Les Bacon yearns for the good old days of skilled craftsmen and sharp knives. The heck with today's automated slaughterhouses, he tells creditors pressing him to sell his dilapidated factory. He's always been a hands-on sort of guy and one with a conscience to boot. "I'd never allow 30 percent fat ... clogging up all those young people's arteries."
Of course, Les' son Buddy is soon severing many of those same arteries with a cleaver -- and not just a cleaver, but a major-league cleaver. Les doesn't get mad when Buddy starts slicing and dicing anyone who stumbles onto the family turf. "At least you made good, clean cuts," he says proudly. Buddy's something of a hog himself -- 360 pounds, with a vocabulary limited to screeches and snorts (you lie down with pigs, apparently you talk like a pig, as well as smell like one). Can the World Wrestling Federation be far behind?
"He's a good boy," beams Dad, "but he has his basic hygiene problem." So does this film, but then again, whaddaya expect from a movie called "Slaughterhouse?" A treatise on the evils of automation it's not.
Rick Roessler, who wrote the script and directed, has a perfect setting and a decent premise, but doesn't know what to do with either. Roessler can't decide if he wants the perverse irony of "Motel Hell" or the goremongering of "The Texas Chainsaw Massacre," so he ends up with a standard amount of bloodletting and no point of view. In fact, the grossest parts of the movie are the opening scenes when the automated slaughterhouse is shown in action. Ninety minutes of that would set you off hot dogs, for sure.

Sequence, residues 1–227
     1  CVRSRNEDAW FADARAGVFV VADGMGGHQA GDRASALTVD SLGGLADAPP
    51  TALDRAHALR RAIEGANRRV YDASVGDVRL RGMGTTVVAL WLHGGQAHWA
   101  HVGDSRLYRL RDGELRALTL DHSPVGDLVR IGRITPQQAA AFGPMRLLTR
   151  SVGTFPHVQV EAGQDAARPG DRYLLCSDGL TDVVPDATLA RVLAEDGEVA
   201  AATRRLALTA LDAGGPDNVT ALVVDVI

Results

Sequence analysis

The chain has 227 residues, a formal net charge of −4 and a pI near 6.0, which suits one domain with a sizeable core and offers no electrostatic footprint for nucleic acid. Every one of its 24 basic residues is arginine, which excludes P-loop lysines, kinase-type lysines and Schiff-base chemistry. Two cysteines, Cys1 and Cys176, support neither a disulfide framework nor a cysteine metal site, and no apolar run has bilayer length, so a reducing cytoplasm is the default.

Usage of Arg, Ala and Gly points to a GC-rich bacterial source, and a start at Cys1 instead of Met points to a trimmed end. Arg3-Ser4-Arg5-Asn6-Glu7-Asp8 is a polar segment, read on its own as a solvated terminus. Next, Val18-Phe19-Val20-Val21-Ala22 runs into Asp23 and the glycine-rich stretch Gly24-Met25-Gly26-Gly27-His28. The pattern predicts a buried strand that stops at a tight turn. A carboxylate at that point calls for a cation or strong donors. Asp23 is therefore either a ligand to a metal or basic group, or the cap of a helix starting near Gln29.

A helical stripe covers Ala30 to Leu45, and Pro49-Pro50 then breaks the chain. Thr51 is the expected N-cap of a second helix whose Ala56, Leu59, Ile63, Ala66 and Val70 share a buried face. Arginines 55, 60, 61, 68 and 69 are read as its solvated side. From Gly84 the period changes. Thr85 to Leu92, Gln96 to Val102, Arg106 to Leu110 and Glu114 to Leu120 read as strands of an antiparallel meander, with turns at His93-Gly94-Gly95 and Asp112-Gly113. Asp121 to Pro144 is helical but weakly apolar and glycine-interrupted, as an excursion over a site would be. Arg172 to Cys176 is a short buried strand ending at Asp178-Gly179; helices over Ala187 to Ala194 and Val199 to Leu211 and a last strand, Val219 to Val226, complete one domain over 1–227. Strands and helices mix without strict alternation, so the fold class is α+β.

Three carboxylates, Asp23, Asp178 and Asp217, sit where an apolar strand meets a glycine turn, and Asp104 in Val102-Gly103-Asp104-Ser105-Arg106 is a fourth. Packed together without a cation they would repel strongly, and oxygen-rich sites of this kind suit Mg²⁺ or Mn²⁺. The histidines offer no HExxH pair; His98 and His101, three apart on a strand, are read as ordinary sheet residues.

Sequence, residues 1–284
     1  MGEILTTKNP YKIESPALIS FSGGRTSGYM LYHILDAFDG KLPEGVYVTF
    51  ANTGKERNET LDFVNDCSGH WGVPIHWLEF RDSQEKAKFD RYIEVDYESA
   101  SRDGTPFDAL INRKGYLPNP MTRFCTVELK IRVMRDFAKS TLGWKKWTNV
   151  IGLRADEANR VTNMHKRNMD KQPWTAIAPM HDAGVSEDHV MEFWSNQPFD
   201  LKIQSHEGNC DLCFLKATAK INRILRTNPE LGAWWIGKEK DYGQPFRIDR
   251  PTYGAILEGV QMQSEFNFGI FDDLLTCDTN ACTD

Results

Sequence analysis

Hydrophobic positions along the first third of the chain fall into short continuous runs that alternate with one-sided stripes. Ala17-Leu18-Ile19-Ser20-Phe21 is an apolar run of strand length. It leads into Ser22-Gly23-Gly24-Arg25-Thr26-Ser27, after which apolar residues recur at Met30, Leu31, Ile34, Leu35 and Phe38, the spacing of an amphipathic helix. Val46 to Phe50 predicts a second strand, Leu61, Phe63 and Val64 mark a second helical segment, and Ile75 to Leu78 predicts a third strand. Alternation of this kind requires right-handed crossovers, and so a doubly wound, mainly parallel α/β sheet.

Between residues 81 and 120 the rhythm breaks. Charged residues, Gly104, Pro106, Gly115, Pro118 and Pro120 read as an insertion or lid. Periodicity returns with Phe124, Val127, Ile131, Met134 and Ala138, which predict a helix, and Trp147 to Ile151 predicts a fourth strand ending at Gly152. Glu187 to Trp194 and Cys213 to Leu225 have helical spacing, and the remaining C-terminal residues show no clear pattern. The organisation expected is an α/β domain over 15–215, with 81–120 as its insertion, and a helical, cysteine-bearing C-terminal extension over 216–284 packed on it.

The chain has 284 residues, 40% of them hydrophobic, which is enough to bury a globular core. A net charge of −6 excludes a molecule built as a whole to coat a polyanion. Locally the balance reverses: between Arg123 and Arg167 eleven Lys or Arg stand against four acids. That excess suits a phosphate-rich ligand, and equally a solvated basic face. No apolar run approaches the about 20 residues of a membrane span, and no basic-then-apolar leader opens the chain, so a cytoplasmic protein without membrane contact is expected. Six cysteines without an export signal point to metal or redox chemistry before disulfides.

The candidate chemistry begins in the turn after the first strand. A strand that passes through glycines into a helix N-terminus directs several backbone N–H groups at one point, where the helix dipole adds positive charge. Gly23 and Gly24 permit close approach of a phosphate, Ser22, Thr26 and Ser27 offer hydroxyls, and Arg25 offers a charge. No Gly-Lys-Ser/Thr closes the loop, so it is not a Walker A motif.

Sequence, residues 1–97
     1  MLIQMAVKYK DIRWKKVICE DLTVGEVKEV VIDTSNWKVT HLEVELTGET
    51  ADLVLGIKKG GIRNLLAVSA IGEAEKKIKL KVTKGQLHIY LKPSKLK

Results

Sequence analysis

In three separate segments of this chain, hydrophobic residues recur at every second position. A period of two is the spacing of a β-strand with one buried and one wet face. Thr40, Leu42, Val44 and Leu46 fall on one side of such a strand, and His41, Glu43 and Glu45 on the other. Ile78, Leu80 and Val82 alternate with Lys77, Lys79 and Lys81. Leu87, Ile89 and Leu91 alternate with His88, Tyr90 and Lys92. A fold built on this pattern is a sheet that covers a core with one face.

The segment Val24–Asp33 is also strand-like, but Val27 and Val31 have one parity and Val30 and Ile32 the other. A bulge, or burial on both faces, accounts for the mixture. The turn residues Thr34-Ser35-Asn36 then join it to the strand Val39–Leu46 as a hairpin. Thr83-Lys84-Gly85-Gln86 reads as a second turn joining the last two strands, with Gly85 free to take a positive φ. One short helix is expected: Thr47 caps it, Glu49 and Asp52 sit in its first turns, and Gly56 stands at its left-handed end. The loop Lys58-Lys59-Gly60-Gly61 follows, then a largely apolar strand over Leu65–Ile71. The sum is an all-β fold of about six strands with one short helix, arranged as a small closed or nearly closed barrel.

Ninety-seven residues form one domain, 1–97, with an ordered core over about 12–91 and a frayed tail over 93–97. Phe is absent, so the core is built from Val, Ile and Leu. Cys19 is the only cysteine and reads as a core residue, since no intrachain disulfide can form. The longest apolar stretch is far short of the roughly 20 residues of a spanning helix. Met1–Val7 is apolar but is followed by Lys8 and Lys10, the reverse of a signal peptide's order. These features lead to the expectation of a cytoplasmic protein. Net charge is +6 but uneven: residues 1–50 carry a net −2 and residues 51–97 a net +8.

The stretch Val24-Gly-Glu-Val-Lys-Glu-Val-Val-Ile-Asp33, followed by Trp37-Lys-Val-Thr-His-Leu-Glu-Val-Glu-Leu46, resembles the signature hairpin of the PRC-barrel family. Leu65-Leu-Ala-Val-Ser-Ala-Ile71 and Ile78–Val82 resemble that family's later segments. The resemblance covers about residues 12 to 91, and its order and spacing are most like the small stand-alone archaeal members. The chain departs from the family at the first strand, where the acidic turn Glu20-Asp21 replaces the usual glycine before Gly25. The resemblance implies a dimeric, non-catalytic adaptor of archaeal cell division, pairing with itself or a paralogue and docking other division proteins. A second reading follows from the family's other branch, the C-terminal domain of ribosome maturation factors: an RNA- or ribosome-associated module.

The plot revolves around the Characteristic Victims -- a half dozen teen-agers, two policemen and assorted others who will for the most part end up on the sharp end of a meat hook -- caught in the wrong place at the wrong time. Most of the action occurs in the slaughterhouse, which is vast, spooky and definitely not the kind of place anybody's going to seek out after this particular film. There are a few attempts at macabre ambiance a` la "Texas Chainsaw Massacre II" and a dozen other genre films, but Roessler usually opts for the cheap shot and the cheap thrill. Nowhere is this more true than in the final freeze frame, which suggests we can expect "Slaughterhouse II." The only mystery: Will Kurt Vonnegut sue when they get to the fourth sequel?
Slaughterhouse, at area theaters, is rated "R" and contains gruesome scenes of violence -- but, thank heavens, no nudity.